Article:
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Clementine Hall
Thursday, 9 June 2011


Your Excellency,

In welcoming you to the Vatican and accepting the Letters of Credence by which you are appointed Ambassador Extraordinary and Plenipotentiary of the Republic of Ghana to the Holy See, I wish first of all to express my gratitude to you for transmitting the courteous greeting of your President, His Excellency John Evans Atta Mills, and I would ask you kindly to reciprocate and to convey, in turn, my good wishes to him, as well as my appreciation of the cordial relations existing between the Holy See and your country.

It is widely acknowledged that Ghana has been able to overcome certain obstacles in order to make steady economic, social and political progress in recent times. Certainly, the conduct of regular and peaceful democratic elections does credit to both the people and the political leaders of your country. The establishment of ethnic harmony, too, not without the contribution of the local Christian communities including the Catholic Church, has been an important factor in creating conditions of peace, stability and greater social progress for all your citizens. I hope that this process will be crowned by the positive outcome of the ongoing constitutional consultation, in such a way that the nation’s legislative and administrative framework will consolidate a culture of responsible and active participation in the development of the country in freedom, justice and solidarity.

I have also noted the climate of religious freedom enjoyed in Ghana. A democratic society that fosters freedom of religion and freedom of worship, and that appreciates the presence of religious institutions that strive to rise above political interests and are instead motivated by faith and moral values, understands that there is much to gain through these freedoms for the positive growth of all the country’s institutions. Indeed, countries that do so may derive many benefits from those institutions, by drawing on the wisdom found in religious traditions, especially when citizens are confronted by questions for which science and technology provide little or no answer. Indeed, here secular and religious interests find common ground and are able to grow together by combining the demands of macroeconomic progress and scientific knowledge with religion’s perennial wisdom and understanding of man and society. All stand to benefit from such cooperation in a world that has grown uncertain about moral choices and is often drawn towards narrow interests and selfishness.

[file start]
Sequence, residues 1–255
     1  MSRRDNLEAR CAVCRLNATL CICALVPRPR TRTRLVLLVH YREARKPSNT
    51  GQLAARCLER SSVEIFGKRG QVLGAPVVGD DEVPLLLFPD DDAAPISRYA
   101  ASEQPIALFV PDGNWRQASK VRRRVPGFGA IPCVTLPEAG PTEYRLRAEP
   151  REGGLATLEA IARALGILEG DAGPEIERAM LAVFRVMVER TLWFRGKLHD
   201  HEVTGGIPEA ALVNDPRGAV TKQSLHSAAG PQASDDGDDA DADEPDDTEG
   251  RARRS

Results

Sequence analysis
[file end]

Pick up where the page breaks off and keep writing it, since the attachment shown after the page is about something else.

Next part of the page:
Your Excellency, your land has been blessed with natural resources which are now bringing prosperity to your people. It is much to be hoped that, through social solidarity, the proceeds from the correct exploitation of these resources will contribute to the sustainable economic development of your people. Let this be achieved, however, while giving due attention to those who are much poorer, or unable to provide for their families through no fault of their own. In this sense, may your country give an example in establishing effective instruments of solidarity (cf. Centesimus Annus, 16), to the true enrichment of all members of society.

You also mention the work of the Catholic Church in Ghana in the fields of education, health care and other social services. Motivated by the love of Christ, and acting on the basis on the human dignity shared by all members of the human family, the Church wishes to contribute in many ways to the good of society, especially in the areas you have mentioned. She is a willing partner with civil authorities wherever she is able to fulfil her mission untrammelled, in the light of Gospel values.

Finally, Your Excellency, I wish you every success in your mission as Ambassador of the Republic of Ghana to the Holy See and I assure you of the willing cooperation of the departments of the Roman Curia. May Almighty God bestow upon the people of Ghana abundant and lasting blessings of harmony, prosperity and peace!


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